Ars Electronica vs. Architecture Biennale: Sound Wins

October 14, 2012

By Anne Burdick, MDP Chair. I recently visited Ars Electronica in Linz, Austria and the Architecture Biennale in Venice, Italy, together with Lab Core Faculty Ben Hooker and Tim Durfee. Even though the theme of each of these international events had global-scale ambitions—The Big Picture and Common Ground, respectively—it was the least heady, most local, and most visceral work that left the longest impression.

Each of these pieces used sound as a way to define space, and reworked the physical components of space using architecture, cars, people, or ventilation shafts, as acoustic media. As a result each piece defied documentation and left me with more questions than answers.


Heavy Listening at Ars Electronica lined up for the Heavy Listening performance at Ars Electronica 2012.

Here is the description from the arselectronica site:

Heavylistening duo Carl Schilde and Anselm Venezian Nehls (DE) use high-output subwoofers to morph cars into mobile musical instruments. They’ll be played by motorheads from the Upper Austrian auto powersound scene, who’ll be piloting their pimped-out rides to Ars Electronica. They emit ultra-deep sine waves at the very edge of the human hearing range. The sound produced by a single car is nothing special. But as soon as several of these soundmobiles gather for a traffic jam, the result is a “Tiefdruckgebiet” (low pressure area) you can really feel. The ultra-bass vibrations from the respective cars modify or amplify one another, or cancel each other out. Complex rhythms emerge in the space between the cars and the adjacent building façades. For onlookers, speaking suddenly becomes difficult, and the air seems to liquefy.

There were six cars on either side of an open area contained within the Lentos Kunstmuseum. They were controlled by Carl and Anselm who were standing at a DJ station in the middle of the space. We walked around the cars for about 15 minutes before feeling physically ill. It was impossible to think. We had to move away.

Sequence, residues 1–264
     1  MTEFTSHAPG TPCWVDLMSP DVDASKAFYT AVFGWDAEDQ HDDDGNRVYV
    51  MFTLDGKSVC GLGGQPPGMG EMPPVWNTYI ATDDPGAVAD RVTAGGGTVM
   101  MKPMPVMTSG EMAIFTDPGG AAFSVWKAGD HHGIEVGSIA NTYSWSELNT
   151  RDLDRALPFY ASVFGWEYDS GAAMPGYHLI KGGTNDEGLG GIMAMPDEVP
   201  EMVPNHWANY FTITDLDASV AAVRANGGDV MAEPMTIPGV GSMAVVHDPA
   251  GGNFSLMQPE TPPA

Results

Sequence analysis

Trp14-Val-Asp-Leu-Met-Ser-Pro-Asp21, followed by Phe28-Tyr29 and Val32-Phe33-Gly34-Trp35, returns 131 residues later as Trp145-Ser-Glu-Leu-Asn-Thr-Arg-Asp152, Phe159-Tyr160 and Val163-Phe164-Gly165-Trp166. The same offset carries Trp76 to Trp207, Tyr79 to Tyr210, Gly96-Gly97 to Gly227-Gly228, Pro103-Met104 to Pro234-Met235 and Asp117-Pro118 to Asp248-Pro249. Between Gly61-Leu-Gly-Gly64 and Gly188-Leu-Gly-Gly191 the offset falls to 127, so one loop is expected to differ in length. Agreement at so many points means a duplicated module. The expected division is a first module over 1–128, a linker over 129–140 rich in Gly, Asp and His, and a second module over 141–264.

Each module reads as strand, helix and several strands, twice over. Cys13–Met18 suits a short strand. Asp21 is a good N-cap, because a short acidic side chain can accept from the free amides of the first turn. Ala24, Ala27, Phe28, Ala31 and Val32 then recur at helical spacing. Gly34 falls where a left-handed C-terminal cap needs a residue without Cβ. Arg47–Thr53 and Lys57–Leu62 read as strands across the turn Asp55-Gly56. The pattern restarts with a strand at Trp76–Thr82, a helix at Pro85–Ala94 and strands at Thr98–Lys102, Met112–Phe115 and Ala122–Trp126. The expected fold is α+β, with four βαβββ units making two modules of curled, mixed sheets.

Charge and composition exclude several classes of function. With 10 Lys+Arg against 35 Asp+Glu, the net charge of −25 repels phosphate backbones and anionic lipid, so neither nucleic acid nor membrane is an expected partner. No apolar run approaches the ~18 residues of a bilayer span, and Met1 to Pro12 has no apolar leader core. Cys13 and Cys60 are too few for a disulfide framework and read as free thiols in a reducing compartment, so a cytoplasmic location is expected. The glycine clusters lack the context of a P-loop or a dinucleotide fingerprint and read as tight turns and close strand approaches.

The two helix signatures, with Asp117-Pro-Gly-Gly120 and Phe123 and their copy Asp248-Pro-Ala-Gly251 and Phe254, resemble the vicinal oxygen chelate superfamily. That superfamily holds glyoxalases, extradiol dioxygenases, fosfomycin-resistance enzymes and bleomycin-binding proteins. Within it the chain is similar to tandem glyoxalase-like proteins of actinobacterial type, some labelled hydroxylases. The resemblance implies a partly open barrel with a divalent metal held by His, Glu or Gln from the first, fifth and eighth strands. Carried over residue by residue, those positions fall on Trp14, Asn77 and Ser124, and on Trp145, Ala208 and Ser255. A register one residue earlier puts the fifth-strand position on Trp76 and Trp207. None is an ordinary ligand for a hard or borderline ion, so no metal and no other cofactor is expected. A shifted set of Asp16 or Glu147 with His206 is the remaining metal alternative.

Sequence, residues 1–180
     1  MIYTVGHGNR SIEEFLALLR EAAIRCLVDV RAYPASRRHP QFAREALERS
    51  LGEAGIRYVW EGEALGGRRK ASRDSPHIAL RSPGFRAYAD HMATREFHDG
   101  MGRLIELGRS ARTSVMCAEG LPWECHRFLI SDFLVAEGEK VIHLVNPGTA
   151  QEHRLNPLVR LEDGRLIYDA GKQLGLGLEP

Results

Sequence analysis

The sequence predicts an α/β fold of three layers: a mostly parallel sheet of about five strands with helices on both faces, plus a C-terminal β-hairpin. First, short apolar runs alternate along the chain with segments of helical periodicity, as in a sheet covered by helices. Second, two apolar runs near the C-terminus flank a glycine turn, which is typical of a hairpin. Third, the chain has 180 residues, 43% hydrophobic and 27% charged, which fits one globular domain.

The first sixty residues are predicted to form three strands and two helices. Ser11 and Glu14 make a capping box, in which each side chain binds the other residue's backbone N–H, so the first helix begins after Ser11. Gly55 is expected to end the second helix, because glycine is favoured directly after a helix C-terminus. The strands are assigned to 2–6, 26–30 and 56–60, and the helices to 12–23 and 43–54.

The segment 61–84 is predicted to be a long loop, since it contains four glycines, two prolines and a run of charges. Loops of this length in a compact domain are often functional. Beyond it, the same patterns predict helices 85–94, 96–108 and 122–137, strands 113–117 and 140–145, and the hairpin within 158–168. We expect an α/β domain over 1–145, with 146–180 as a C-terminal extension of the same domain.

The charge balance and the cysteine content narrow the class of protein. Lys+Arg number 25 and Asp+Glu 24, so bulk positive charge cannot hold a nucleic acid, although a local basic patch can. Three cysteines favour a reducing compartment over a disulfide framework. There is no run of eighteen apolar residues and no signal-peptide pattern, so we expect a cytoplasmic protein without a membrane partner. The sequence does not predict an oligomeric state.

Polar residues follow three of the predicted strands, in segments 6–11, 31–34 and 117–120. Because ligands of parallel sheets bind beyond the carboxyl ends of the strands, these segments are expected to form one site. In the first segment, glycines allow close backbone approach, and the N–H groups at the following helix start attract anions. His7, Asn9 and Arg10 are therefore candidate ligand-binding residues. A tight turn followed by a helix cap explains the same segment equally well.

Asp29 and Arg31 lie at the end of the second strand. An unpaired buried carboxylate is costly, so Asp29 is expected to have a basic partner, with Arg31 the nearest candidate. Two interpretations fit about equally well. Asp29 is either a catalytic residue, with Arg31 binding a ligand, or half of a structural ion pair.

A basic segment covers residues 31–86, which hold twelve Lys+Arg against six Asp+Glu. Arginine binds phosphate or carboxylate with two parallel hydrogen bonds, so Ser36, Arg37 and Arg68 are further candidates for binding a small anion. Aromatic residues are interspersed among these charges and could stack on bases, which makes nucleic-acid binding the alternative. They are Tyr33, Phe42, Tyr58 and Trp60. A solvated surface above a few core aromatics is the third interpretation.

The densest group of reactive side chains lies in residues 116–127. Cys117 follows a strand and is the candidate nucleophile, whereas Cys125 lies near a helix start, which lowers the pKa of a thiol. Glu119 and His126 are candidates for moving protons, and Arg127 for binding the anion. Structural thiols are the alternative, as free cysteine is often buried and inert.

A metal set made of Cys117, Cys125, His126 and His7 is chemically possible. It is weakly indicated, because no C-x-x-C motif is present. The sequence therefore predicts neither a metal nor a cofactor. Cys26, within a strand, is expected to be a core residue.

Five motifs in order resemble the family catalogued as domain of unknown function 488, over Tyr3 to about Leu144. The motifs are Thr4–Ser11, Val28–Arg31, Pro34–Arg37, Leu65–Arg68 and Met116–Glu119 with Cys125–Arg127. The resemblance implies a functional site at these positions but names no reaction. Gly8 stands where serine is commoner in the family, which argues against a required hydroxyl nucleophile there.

I’ve experienced such low frequency installations before but never at such a scale—for an Angeleno, it was thrilling to experience the raw power and muscle of the local car culture remixed by two guys standing in front of laptops.


The Polish Pavilion at the Architecture Biennale

The Polish Pavilion at the Venice Biennale.

The Polish Pavilion, in the Giardini of the Venice Architecture Biennale was designed by curator Michal Libera in collaboration with artist Katarzyna Krakowiak, sound designer Ralf Meinz.

Here is the description of the installation from DesignBoom:

the acoustically soundproof entrance vestibule aurally removes the visitor from the exterior and creates a blank audible slate to be filled within the following volumes. in a carefully designed series of empty halls, a fortunate acoustic discovery led to the installation  of ventilation shafts on the roof that apart from maintaining a comfortable interior temperature, also capture all the surrounding  sounds of the giardini and neighboring pavilions and direct them directly into the space. a very high coefficient of reverberation was found to exist within the rooms, making human conversations very difficult, as words would be blurred into one undefinable noise. a slight taper of the partitions creates an angled playground for sound to bounce off of, together with the 50 individual speakers set up around the floors projecting ambient sounds, creates a profound environment for the user to experience architecture as sound.

Like the Heavy Listening performance, it is a very difficult thing to explain the experience of being in this Pavilion, whose effects were subtle but still immensely powerful.

These two pieces continue to resonate for me, perhaps because of everything they worked against: the impulse toward didacticism at the Biennale (a lazy exhibition strategy for the subject of common ground, in my opinion); and the predominance of narrative as a context-defining strategy for the work at Ars Electronica. But then again, perhaps it is the relentless documentation culture of mobile media and the fact I’ve simply seen too much—still and moving—that made me love the here and now of these two works.